NEWMAN - As local schools welcome students back to the classroom to resume in-person instruction after a pandemic-induced hiatus of more than seven months, the focal point for custodial crews is one of constantly sanitizing facilities.
In the Newman-Crows Landing Unified School District, classroom aesthetics - while still addressed - are relegated to a secondary priority as custodians devote their time to a daily cleaning of desks, restrooms and high-touch areas.
“A year ago, we might have cleaned desks once a week. Those desks are now cleaned and disinfected every single day. That is probably the biggest change,” said Matt Vargas, the district’s director of operations and maintenance. “In the past, spider-webbing a room or cleaning a window sill was a priority, right now the focus is on the high-touch areas and those where students and staff are sitting.”
Vargas said custodians are using Betco GE Fight Bac, a natural, citric acid-based disinfectant product which has been proven to kill the SARS virus.
Harsher cleaning products are available, he explained, but may prove irritating to some students and staff.
“We are trying to not use any chemicals with high VOCs (volatile organic compounds) because we know that we have students and staff who are sensitive to some of those smells,” Vargas said. “(The cleaning product) is really a game-changer to help disinfect safely for our students and staff.”
The product is intended for use on all surfaces, he added.
Because students are only on campus until about noon, he noted, custodial crews have additional time in the afternoon to sanitize classrooms.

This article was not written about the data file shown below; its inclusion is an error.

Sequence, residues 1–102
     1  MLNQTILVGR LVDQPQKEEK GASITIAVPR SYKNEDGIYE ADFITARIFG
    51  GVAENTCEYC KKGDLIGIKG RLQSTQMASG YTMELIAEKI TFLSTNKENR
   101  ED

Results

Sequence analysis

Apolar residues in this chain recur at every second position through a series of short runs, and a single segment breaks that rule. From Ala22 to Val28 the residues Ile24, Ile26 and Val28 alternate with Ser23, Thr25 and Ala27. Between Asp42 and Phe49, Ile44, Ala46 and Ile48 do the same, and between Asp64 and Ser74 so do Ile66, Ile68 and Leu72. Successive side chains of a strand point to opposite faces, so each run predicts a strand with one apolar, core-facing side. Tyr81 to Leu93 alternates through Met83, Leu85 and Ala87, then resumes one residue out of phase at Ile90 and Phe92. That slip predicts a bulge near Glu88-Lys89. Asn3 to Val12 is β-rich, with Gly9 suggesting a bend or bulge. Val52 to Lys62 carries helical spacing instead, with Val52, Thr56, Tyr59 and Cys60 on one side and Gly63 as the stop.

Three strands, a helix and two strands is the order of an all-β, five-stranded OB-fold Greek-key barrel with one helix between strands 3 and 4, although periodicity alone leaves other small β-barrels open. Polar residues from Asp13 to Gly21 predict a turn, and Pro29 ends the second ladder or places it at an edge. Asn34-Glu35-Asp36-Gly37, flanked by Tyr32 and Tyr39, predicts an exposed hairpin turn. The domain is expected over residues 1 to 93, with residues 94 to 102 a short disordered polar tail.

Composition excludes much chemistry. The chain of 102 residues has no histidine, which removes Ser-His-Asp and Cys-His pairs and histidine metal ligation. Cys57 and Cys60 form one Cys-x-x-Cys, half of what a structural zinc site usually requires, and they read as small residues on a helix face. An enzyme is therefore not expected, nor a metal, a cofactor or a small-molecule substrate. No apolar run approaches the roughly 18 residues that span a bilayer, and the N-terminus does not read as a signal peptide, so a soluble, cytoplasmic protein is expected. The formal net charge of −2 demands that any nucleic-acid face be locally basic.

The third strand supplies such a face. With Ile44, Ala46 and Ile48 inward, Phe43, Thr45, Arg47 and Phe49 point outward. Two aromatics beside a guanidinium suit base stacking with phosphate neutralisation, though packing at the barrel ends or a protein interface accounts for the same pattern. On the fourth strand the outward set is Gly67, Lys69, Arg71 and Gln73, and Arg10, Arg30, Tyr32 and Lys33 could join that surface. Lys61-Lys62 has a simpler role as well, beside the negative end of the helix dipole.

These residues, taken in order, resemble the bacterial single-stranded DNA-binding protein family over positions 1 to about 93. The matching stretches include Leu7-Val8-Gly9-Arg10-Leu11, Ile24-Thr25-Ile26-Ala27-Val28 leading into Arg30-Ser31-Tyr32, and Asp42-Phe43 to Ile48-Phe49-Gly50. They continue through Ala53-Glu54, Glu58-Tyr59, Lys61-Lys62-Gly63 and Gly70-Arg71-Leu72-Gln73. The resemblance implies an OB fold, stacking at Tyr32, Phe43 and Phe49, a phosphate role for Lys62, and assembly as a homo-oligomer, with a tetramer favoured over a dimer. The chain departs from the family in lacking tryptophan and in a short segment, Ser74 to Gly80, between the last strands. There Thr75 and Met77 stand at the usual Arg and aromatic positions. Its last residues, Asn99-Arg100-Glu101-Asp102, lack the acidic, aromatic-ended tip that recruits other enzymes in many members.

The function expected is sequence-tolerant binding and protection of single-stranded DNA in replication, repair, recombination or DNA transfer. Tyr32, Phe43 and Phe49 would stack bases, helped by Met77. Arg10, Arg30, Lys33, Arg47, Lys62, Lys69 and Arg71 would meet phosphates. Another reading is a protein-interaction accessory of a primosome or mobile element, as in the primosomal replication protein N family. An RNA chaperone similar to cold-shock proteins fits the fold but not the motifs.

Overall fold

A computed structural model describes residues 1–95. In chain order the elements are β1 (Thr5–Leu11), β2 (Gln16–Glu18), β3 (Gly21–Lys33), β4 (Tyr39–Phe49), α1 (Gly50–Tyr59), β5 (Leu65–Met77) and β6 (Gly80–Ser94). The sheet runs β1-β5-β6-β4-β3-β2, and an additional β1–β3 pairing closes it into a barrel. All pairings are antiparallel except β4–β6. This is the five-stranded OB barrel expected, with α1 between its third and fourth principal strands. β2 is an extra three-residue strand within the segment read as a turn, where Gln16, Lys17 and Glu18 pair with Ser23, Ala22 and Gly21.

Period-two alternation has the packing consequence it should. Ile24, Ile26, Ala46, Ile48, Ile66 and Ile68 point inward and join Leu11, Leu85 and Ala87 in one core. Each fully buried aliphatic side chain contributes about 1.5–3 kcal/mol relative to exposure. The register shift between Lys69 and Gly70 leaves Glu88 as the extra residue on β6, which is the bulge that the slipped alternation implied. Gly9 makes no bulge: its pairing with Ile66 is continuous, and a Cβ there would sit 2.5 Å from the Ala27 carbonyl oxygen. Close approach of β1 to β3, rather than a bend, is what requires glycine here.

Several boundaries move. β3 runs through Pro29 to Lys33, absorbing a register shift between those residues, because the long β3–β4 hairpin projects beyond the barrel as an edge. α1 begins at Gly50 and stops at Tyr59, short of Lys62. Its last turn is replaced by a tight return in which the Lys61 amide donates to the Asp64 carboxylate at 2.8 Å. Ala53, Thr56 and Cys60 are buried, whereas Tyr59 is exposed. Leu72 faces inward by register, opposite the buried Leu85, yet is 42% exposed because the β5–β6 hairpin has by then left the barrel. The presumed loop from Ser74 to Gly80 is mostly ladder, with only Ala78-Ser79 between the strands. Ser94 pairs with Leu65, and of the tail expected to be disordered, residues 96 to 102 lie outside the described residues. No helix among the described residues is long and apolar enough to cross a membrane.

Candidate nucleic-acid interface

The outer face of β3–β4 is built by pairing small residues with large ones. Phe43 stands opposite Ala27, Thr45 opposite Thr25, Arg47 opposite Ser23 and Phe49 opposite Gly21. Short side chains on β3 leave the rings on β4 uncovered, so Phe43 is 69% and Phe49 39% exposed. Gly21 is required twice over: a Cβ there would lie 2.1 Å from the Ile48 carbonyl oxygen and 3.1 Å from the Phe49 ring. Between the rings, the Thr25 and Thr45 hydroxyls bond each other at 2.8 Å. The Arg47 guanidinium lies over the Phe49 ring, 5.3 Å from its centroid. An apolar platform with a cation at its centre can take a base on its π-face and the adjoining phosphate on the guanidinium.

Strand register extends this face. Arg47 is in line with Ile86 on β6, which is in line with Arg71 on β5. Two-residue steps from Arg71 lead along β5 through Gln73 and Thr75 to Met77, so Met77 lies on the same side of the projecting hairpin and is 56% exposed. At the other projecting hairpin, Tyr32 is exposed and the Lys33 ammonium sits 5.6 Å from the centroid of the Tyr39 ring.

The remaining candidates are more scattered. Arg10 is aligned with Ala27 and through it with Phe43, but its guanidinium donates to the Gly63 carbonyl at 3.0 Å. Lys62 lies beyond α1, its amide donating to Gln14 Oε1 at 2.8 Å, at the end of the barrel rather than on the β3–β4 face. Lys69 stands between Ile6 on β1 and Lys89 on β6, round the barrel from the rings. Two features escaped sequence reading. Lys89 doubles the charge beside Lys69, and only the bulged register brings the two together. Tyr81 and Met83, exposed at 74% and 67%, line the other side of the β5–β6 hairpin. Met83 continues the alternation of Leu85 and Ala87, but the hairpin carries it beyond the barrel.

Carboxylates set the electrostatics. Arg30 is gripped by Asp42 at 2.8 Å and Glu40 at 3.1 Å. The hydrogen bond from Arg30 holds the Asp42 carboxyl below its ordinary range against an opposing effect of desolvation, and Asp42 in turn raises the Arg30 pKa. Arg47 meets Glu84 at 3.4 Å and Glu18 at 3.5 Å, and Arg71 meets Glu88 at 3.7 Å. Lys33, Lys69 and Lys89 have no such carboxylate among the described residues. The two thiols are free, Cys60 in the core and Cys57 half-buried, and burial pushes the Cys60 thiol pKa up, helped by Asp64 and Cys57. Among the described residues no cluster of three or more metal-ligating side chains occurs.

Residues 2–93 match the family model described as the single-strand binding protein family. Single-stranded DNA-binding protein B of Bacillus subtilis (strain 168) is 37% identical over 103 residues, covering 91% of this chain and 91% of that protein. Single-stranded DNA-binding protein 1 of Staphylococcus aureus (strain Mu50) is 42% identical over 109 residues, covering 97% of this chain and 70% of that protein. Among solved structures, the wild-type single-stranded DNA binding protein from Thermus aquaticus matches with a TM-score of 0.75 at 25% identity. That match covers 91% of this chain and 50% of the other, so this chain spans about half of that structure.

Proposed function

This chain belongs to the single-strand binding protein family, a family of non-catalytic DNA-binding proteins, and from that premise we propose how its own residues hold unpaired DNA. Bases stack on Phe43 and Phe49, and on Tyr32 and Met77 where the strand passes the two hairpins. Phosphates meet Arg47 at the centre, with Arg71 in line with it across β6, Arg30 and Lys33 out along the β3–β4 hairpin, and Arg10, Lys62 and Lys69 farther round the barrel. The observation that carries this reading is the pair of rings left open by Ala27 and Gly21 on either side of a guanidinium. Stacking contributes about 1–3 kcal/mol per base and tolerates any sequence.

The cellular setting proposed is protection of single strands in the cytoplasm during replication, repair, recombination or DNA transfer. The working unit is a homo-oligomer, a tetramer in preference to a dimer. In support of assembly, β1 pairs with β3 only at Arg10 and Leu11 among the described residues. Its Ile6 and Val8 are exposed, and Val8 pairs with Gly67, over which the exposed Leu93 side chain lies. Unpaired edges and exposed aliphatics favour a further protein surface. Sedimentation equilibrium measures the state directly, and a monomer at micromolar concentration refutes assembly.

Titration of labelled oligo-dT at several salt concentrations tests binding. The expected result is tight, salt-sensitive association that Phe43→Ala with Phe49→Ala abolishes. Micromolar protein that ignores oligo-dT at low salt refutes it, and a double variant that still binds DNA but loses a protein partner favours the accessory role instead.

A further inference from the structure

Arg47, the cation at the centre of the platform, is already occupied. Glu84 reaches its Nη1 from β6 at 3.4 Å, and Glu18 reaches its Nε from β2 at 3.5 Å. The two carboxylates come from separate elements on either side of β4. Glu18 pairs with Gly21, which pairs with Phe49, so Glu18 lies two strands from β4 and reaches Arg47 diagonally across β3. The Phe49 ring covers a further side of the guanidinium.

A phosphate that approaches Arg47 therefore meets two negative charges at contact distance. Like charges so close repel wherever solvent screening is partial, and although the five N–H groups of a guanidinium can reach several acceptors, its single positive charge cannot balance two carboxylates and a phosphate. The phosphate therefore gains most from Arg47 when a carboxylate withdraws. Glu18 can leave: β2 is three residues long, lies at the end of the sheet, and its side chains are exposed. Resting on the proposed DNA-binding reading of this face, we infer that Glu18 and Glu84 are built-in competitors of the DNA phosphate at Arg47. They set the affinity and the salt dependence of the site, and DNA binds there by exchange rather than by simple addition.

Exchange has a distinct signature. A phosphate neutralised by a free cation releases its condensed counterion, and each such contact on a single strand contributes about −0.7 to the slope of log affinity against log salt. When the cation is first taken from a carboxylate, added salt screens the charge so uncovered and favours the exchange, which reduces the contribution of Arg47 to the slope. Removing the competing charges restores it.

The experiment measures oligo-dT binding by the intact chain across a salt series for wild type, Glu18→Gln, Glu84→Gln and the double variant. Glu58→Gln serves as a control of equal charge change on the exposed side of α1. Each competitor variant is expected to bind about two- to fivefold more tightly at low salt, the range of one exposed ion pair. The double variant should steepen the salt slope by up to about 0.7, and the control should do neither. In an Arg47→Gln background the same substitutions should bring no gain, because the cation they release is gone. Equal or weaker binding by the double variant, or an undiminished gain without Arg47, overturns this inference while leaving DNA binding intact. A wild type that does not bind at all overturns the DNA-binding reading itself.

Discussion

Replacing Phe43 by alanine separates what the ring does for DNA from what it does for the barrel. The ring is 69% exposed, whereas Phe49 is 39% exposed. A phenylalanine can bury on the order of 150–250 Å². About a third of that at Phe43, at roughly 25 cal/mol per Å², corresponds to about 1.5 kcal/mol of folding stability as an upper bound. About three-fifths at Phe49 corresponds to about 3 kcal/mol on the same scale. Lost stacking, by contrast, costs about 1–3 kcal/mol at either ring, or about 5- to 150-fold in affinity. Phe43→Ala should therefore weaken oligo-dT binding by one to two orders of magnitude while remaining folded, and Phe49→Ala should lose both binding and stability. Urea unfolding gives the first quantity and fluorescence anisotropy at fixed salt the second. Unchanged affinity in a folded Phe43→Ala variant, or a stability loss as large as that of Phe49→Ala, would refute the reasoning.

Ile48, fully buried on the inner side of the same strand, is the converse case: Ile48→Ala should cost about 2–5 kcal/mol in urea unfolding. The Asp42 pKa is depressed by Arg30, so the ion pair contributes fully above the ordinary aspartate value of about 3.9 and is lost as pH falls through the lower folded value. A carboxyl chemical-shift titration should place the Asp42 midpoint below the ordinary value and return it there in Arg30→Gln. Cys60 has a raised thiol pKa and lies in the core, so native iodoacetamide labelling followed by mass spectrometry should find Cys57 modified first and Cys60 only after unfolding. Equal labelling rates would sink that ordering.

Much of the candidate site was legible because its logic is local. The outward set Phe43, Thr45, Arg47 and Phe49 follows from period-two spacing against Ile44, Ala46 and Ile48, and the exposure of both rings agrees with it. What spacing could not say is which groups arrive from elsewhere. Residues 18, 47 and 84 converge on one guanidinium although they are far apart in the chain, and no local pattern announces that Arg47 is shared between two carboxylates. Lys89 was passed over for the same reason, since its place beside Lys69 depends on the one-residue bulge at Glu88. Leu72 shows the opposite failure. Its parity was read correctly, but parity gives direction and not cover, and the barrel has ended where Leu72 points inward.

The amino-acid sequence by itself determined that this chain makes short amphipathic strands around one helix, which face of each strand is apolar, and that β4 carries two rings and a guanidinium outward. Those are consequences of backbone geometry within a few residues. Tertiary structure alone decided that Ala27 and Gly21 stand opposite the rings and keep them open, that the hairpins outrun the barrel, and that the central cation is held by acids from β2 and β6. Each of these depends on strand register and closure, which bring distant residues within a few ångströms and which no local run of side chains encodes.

On Wednesday, when no students are in class, crews also vacuum and take other deeper cleaning measures.
“It is tough to vacuum when you are trying to disinfect,” Vargas pointed out. “Wednesday is also a great day to take care of any maintenance issues that have come up.”
Restrooms are sanitized throughout the day.
Vargas said the district has not added custodial staff to meet the demands of daily sanitizing, but has reallocated its personnel resources.
“We have two district-wide custodians who are providing additional support at all of our sites. We are also bringing in subs when the regular custodian is not there to make sure that no site is without a custodian to provide the cleaning that is necessary,” he explained. “Otherwise we could not cover that ground.”
Teachers and classified staff are also provided cleaning materials.
In the event that there is a positive COVID-19 case linked to a particular classroom, Vargas said, “we would go top to bottom. That room would be completely cleaned and disinfected. We would be very aggressive in addressing that room.”
The room would then be closed off for a minimum of 72 hours when disinfected, he noted.
The same protocol would be followed in restrooms used by students from that classroom, Vargas added.
Vargas said he prefers a precise, targeted approach to classroom disinfection rather than a broader, scatter-shot method.
“I want to be prepared for every circumstance,” he concluded, “but not react to something that we don’t have.”